Armstrong and Radio Shack undecided on Giro or Tour of California but not really.

Did I say Giro? Not really.

Did I say Giro? Not really.

Lance Armstrong will NOT be riding the 2010 Giro no matter what he says.

“There is a dilemma between the Giro and the Tour of California, which both run in May,” said Armstrong in an interview with French cycling magazine Velo. “Radio Shack is an American sponsor, but the Giro is good preparation for the Tour.”

The Giro ain’t gonna happen because Armstrong has a long memory and doesn’t forgive many enemies. And Giro director Angelo Zomegnan is way up on Lance’s poop list. That list is meticulously updated and alphabetized and Z’s name has red marks all over it. Here’s a quick pedal down memory lane:

In stage 9 of this year’s Giro, Armstrong, along with Danilo di Luca, organized a go-slow protest over the dangerous course conditions in rainy Milan. Zomegnan went ballistic, dumping all over the Texan with an Italian aria of insults including this gem: “there’s a certain age at which your legs start to get shorter and your tongue longer.”

Crazy Z took things personal and continued lashing Armstrong, saying “I never name people who have disappointed me, just like I don’t name girlfriends that have snubbed me.” Which was a bizarre statement considering Zomegnan is over 60 and Lance is not a female. Nor, to the best of Lance’s recollection, had they ever dated.

Then the outraged Italian media launched a few missiles. Il Giornale described it as “a slap in the face for Milan”. The riders–read Armstrong– were responsible for a “villainous ambush” and “should go into hiding after the obscenity”.

Crazy Z, Lance hater.

Crazy Z, Lance hater.

The comedy of insults reached fever pitch as the editorial described Armstrong as “an old-age pensioner” and “Texan slipper-seller.” Try figuring out what that means — pedaling Nikes? Italian insults are often creative and difficult to translate. Slipper seller could in fact mean butt-head.

Now contrast that with the media adulation Armstrong will receive at the Tour of California. Then consider the fact that Armstrong is 38, has four kids and doesn’t travel to Europe more than necessary. And just as a little reminder: Armstrong hates bozos and people who stab him in the back.

In sum, hello Tour of California. Armstrong may well be jerking the Giro and ex-buddy Zomegnan around, teasing them with the hope he’ll bring his Radio Shack team to race. Not going to happen. Armstrong’s tongue may have grown longer as Zomegnan claims. But Lance has an even longer memory.

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  • That, sir, goes right to the top of the list as your best.

    You made me laugh out loud

    James Raia
    National Cycling Examiner
    http://www.examiner.com/x-1155-Cycling-Examiner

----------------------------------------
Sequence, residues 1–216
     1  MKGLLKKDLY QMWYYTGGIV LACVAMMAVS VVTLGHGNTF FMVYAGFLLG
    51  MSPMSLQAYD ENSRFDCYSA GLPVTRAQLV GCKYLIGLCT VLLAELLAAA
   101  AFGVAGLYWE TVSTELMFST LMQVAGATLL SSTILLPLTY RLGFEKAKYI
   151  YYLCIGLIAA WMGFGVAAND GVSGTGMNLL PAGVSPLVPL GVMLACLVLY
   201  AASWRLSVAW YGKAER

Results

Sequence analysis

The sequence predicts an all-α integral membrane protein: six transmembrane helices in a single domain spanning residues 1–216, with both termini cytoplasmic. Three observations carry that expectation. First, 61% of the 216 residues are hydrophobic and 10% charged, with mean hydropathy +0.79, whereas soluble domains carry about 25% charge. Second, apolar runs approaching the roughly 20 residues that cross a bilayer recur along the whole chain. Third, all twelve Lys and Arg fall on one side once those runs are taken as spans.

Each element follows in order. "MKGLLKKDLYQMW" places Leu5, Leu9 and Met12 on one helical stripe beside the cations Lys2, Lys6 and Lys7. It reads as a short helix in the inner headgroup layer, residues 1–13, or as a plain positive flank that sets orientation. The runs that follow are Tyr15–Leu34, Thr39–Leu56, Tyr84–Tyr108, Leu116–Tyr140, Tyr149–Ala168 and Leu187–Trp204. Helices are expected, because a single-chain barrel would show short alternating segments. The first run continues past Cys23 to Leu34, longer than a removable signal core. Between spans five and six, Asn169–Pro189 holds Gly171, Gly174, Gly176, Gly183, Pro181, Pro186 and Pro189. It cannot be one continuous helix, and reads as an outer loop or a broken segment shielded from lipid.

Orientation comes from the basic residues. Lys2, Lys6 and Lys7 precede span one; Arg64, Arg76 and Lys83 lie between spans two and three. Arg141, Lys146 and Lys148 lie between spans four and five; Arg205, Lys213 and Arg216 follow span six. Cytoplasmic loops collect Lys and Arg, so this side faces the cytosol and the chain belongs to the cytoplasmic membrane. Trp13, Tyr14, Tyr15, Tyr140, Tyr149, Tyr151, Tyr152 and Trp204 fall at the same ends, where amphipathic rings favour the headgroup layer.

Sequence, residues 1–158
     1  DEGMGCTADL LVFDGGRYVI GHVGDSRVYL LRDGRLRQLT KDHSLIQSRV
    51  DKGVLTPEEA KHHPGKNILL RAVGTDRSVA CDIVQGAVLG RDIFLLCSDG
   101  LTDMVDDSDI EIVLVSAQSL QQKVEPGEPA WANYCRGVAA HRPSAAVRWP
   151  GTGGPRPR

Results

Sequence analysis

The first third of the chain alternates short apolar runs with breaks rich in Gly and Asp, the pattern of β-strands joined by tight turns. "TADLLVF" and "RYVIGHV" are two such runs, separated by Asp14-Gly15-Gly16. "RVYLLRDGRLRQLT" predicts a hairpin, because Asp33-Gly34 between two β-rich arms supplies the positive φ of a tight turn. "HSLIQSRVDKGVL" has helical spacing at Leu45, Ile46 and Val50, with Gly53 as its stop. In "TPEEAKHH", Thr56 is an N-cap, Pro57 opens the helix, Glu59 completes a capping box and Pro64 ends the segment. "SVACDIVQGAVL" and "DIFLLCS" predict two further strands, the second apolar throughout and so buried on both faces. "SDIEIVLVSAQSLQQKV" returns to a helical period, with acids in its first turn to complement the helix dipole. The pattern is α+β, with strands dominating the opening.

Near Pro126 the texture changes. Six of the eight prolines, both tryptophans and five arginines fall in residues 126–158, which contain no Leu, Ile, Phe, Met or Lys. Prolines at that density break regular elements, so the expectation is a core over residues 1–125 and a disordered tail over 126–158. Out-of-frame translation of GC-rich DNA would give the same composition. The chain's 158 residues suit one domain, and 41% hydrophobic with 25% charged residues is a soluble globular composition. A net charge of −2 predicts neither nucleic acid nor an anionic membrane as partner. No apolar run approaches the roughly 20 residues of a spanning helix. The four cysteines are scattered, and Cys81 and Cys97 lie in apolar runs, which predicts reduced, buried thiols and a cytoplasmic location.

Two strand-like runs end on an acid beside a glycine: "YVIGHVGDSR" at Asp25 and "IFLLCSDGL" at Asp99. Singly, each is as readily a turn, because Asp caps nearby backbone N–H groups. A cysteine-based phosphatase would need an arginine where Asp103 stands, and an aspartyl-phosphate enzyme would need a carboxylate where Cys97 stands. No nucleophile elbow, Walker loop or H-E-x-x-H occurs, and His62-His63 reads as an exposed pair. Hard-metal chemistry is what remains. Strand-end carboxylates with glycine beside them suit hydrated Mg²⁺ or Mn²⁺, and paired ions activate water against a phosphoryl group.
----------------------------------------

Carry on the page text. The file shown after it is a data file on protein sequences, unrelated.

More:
• Ed Rubinstein

    Yet another great column and further reason why you are bookmarked on my laptop. Here are 2 paragraphs on the same subject from an article I published in my OutSPOKEn column in the current edition of Southern California Bicyclist magazine:

    Finally there is an interesting take away from this year’s Tour that has a local impact. The Giro de Italia is held in May and ends five weeks before the start of the Tour. Next year’s Amgen Tour of California (ATOC) because of past weather issues is going to be moved from the February slot which it has occupied for its first four years to May, because of weather issues. So next year ATOC will compete for riders with the much more established and prestigious Giro. This year was the Giro’s 100th anniversary and riders who would normally avoid doing both the Giro and the Tour rode the Giro. Some commentators thought that the Giro would provide good training for the later Tour. Others, followed recent conventional wisdom, and skipped the Giro to focus on the Tour.

    Ultimately of the Tour contenders only Lance seemed to be benefitted by riding both Tours, but then he needed the added race time coming back from a broken collar bone earlier in the season. The Giro winner Dennis Menchow did relatively poorly in this year’s Tour. American Christian Vande Velde who was injured in a crash at the Giro certainly was not benefited. Nor was Carlos Sastre who won the 2008 Tour did the Giro and as the defending champion was never in contention at this year’s Tour. On the other hand Alberto Contador (Astana) and Andy Schleck (Saxo Bank) skipped the Giro and finished first and second respectively. I believe because of these results, next year’s ATOC will be the May race of choice for most of the Tour contenders. This will enhance the prestige of our California race, and making going to see it in person a “must see” event.

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